Urbana Police Department Deploys New Body Cameras For Officers
The Urbana Police Department announced last week that it will join the growing number of police departments around the country that equip officers with body-worn cameras.
Lieutenant Joel Sanders with the Urbana Police Department said the new cameras can be used to help train officers, but will also help the department maintain a level of transparency with the community.
“Our community, our citizens demand transparency,” Sanders said. “While we (Urbana) like to think we’re fairly transparent, we can always do more.”
The department purchased 60 body cameras that attach to the front of officer uniforms. They also invested in 14 new squad car cameras and two interview room cameras that are part of an integrated video recording system designed by a Dallas-area company called WatchGuard. Sanders said the department made the decision to invest in the equipment now because the cameras on the squad cars, which last about six years, were due to be replaced.
“We thought if we were ever going to do body-worn cameras, now would be the time,” Sanders said.
An increasing number of police departments around the country have invested in body cameras for officers in the five years since Michael Brown, an unarmed black teenager, was shot by a white police officer in Ferguson, Missouri. The officer was not charged in the fatal shooting, but in the days after the grand jury trail, Brown’s family urged people in a statement to work to ensure that “every police officer working the streets in this country wears a body camera," and prompted police departments to look more closely at their body camera polices.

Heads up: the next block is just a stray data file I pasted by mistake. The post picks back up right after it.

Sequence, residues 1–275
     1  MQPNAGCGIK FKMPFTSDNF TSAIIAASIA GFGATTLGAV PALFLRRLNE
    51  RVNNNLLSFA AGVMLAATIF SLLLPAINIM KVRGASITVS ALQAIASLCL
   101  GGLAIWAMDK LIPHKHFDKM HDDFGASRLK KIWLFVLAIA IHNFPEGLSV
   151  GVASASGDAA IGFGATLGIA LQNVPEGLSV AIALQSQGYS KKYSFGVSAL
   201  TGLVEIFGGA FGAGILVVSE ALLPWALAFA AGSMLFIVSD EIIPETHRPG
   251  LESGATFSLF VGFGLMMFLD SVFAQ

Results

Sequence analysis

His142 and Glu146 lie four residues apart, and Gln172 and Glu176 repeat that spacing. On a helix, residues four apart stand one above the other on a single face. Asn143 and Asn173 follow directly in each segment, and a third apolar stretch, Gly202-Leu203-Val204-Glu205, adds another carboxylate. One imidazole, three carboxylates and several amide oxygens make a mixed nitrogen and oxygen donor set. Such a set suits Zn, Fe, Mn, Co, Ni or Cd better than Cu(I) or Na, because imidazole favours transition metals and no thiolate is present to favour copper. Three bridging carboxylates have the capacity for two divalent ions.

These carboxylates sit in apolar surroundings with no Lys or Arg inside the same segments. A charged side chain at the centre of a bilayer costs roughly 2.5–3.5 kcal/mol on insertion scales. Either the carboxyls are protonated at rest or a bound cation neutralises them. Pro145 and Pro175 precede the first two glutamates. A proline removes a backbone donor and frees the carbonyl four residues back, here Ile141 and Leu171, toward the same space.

About one third of police departments nationwide use body cameras, and about 50 percent had plans to do so, according to a 2018 report from the nonprofit Police Executive Research Forum, a Washington-based research group. Sanders said that Urbana is the last of the five major departments in Champaign County to implement body cameras, and that the delay was primarily an issue of cost.
The Urbana Police Department’s purchase was largely paid for using existing funds that had already been scheduled to be used in the replacement of the squad car cameras, the department said. The total cost for the recording system and software was about $220,000.
Currently, about seven officers are using the new equipment. It will be 13 to 20 weeks before every officer on patrol will be deployed with a camera. Sanders hopes the new body cameras will show the community what officers do, and help officers understand more about their interactions for training purposes.
“While a body-worn camera, or in-squad car camera isn’t the whole story, it helps with part of the story,” Sanders said.